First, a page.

But right now, we’ll just have to wait and see whether an antiquated label-driven business model and music streaming can co-exist. The longer the war goes on though, consumers and indie artists will continue to lose as pricing continues to linger as a prohibiting factor.

Taylor Swift definitely has a point: artists aren’t getting paid enough. But her compass is completely out of whack if she thinks Silicon Valley is the party trying to rip her off.

The remarkable thing about technology is how keenly it reveals inefficiencies in the market. The real truth is, nothing has changed between decades – the labels have been funnelling money out of the system for years. The only difference now is they don’t really deserve any of it. Their power has outlasted their usefulness.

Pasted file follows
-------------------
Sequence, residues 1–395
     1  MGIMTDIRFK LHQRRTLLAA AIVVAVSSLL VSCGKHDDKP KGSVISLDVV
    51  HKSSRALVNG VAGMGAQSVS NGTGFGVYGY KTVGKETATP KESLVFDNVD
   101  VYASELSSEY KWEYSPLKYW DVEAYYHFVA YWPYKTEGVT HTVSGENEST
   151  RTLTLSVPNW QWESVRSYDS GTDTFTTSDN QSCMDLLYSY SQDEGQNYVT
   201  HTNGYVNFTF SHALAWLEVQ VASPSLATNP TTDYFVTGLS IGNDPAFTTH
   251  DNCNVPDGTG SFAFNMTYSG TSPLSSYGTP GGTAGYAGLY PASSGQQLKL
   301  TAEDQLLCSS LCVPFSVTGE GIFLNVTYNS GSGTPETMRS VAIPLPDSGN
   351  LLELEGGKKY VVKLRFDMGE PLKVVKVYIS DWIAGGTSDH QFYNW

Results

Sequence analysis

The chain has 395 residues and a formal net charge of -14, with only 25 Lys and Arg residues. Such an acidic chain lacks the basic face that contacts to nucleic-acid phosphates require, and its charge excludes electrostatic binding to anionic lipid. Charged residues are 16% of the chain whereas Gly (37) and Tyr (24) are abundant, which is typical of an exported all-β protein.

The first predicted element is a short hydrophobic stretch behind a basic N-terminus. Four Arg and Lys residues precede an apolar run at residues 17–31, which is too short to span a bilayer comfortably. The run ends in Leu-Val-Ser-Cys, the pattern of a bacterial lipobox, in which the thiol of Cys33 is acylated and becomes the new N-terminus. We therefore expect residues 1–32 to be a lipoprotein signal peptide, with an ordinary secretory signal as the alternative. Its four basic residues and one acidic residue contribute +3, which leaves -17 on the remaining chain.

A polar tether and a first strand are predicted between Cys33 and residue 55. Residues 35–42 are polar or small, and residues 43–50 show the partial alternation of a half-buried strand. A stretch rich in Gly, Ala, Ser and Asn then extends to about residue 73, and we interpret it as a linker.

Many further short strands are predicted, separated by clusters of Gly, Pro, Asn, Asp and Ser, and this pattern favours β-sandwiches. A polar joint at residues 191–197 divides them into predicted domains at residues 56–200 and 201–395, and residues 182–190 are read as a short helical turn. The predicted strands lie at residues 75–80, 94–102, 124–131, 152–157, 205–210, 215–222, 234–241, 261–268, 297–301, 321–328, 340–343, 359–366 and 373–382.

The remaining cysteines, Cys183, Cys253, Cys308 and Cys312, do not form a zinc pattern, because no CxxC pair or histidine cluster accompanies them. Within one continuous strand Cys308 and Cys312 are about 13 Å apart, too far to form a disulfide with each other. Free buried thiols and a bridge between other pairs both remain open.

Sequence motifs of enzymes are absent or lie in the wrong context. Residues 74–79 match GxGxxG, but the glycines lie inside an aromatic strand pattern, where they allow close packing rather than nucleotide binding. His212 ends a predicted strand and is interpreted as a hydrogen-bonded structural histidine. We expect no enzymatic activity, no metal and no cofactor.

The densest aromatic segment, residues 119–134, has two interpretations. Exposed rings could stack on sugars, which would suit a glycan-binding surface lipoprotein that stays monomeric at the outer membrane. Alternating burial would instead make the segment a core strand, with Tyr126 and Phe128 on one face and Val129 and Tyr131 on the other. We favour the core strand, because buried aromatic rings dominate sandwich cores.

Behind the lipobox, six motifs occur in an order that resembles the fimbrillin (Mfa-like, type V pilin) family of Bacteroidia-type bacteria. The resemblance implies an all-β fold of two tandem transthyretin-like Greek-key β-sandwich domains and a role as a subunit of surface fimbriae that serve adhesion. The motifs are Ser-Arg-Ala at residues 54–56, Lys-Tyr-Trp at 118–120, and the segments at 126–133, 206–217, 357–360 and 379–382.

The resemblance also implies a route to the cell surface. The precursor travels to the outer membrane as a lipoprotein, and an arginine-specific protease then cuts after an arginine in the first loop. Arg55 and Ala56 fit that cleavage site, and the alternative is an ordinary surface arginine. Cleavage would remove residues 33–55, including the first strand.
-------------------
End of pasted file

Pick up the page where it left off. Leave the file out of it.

Swift would be much better off using her leverage to decry the greed of labels. If she really knew what she was talking about, and if she really cared about smaller artists like she claims, that’s exactly what she’d be doing.

There should be plenty of money in the industry to keep musicians and consumers happy. If only the labels didn’t take so much of it away.

“The album doesn’t have any overhead, because we did it. And then distribution, it’s not going in stores, it’s going online and publicity would be word of mouth? So I think what I’m wondering is, why do you get 9 out of 10 of my dollars?”- Keira Knightley – Begin Again.

Leave a Reply

Your email address will not be published. Required fields are marked *